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Glycated hemoglobin measurement and prediction of cardiovascular disease

Di, Angelantonio, Gao, Pei, Khan, Hassan, Butterworth, Adam, Wormser, David, Kaptoge, Stephen, Kondapally, Seshasai, Thompson, Alexander, Sarwar, Nadeem, Willeit, Peter, Ridker, Paul, Barr, Elizabeth L. M., Khaw, Kay, Psaty, Bruce, Brenner, Hermann, Balkau, Beverley, Dekker, Jacqueline, Lawlor, Debbie and Daimon, Makoto (2014). Glycated hemoglobin measurement and prediction of cardiovascular disease. JAMA: Journal of the American Medical Association,311(12):1225-1233.

Document type: Journal Article
Citation counts: Altmetric Score Altmetric Score is 122
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IRMA ID 84473306xPUB11
Title Glycated hemoglobin measurement and prediction of cardiovascular disease
Author Di, Angelantonio
Gao, Pei
Khan, Hassan
Butterworth, Adam
Wormser, David
Kaptoge, Stephen
Kondapally, Seshasai
Thompson, Alexander
Sarwar, Nadeem
Willeit, Peter
Ridker, Paul
Barr, Elizabeth L. M.
Khaw, Kay
Psaty, Bruce
Brenner, Hermann
Balkau, Beverley
Dekker, Jacqueline
Lawlor, Debbie
Daimon, Makoto
Journal Name JAMA: Journal of the American Medical Association
Publication Date 2014
Volume Number 311
Issue Number 12
ISSN 0098-7484   (check CDU catalogue  open catalogue search in new window)
Scopus ID 2-s2.0-84896675182
Start Page 1225
End Page 1233
Total Pages 9
Place of Publication United States
Publisher American Medical Association
HERDC Category C1 - Journal Article (DIISR)
Abstract Importance
The value of measuring levels of glycated hemoglobin (HbA1c) for the prediction of first cardiovascular events is uncertain.

Objective
To determine whether adding information on HbA1c values to conventional cardiovascular risk factors is associated with improvement in prediction of cardiovascular disease (CVD) risk.

Design, Setting, and Participants
Analysis of individual-participant data available from 73 prospective studies involving 294 998 participants without a known history of diabetes mellitus or CVD at the baseline assessment.

Main Outcomes and Measures
Measures of risk discrimination for CVD outcomes (eg, C-index) and reclassification (eg, net reclassification improvement) of participants across predicted 10-year risk categories of low (<5%), intermediate (5% to <7.5%), and high (≥7.5%) risk.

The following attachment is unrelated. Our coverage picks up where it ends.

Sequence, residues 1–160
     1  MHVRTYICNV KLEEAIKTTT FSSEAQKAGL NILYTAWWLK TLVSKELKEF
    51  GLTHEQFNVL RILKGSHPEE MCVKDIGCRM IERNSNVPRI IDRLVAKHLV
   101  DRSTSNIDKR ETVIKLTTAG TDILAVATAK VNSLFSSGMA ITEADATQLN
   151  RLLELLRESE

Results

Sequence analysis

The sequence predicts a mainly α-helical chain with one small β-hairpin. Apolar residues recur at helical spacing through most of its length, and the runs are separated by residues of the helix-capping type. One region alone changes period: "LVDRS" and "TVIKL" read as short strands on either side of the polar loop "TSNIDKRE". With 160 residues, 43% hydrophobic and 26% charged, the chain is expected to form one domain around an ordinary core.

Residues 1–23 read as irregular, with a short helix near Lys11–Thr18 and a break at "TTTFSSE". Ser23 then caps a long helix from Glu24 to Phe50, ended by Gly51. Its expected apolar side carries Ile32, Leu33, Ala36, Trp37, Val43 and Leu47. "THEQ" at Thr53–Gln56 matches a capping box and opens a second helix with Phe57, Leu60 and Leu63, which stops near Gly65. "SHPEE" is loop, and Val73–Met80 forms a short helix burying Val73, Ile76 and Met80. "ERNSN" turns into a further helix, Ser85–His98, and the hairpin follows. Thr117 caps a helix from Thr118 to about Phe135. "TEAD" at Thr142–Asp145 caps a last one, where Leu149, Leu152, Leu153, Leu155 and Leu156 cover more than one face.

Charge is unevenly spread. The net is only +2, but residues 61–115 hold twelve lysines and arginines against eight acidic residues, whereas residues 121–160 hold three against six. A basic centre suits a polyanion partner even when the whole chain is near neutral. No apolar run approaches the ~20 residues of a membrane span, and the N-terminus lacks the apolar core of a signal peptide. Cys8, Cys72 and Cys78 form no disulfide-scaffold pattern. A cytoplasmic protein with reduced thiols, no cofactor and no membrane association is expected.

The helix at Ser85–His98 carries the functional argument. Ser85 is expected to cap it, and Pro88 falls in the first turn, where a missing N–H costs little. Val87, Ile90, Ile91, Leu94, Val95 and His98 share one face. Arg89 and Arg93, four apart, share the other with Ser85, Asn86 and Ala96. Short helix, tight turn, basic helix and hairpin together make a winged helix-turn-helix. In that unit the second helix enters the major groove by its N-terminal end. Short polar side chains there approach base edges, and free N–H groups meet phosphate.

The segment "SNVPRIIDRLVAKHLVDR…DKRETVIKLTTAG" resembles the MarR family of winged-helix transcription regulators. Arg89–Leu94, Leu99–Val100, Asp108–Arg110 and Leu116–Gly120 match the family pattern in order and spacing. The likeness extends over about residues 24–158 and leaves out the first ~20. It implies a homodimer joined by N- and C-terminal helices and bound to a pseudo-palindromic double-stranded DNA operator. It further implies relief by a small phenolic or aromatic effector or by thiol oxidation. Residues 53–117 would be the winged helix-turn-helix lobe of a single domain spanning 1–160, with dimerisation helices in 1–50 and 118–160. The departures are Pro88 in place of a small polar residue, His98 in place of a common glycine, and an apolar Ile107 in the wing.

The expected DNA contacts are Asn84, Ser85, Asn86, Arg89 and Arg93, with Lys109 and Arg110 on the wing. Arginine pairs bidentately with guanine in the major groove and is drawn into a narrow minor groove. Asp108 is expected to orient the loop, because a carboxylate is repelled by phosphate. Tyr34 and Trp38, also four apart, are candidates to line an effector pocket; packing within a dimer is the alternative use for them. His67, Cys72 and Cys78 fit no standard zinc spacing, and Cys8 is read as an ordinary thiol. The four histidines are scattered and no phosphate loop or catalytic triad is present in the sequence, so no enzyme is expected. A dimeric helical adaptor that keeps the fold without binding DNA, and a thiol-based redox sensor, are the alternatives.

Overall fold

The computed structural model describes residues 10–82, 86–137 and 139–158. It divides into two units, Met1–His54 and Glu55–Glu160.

Results
During a median follow-up of 9.9 (interquartile range, 7.6-13.2) years, 20 840 incident fatal and nonfatal CVD outcomes (13 237 coronary heart disease and 7603 stroke outcomes) were recorded. In analyses adjusted for several conventional cardiovascular risk factors, there was an approximately J-shaped association between HbA1c values and CVD risk. The association between HbA1c values and CVD risk changed only slightly after adjustment for total cholesterol and triglyceride concentrations or estimated glomerular filtration rate, but this association attenuated somewhat after adjustment for concentrations of high-density lipoprotein cholesterol and C-reactive protein. The C-index for a CVD risk prediction model containing conventional cardiovascular risk factors alone was 0.7434 (95% CI, 0.7350 to 0.7517). The addition of information on HbA1c was associated with a C-index change of 0.0018 (0.0003 to 0.0033) and a net reclassification improvement of 0.42 (−0.63 to 1.48) for the categories of predicted 10-year CVD risk. The improvement provided by HbA1c assessment in prediction of CVD risk was equal to or better than estimated improvements for measurement of fasting, random, or postload plasma glucose levels.

Conclusions and Relevance

In a study of individuals without known CVD or diabetes, additional assessment of HbA1c values in the context of CVD risk assessment provided little incremental benefit for prediction of CVD risk.

DOI http://dx.doi.org/10.1001/jama.2014.1873   (check subscription with CDU E-Gateway service for CDU Staff and Students  check subscription with CDU E-Gateway in new window)
 
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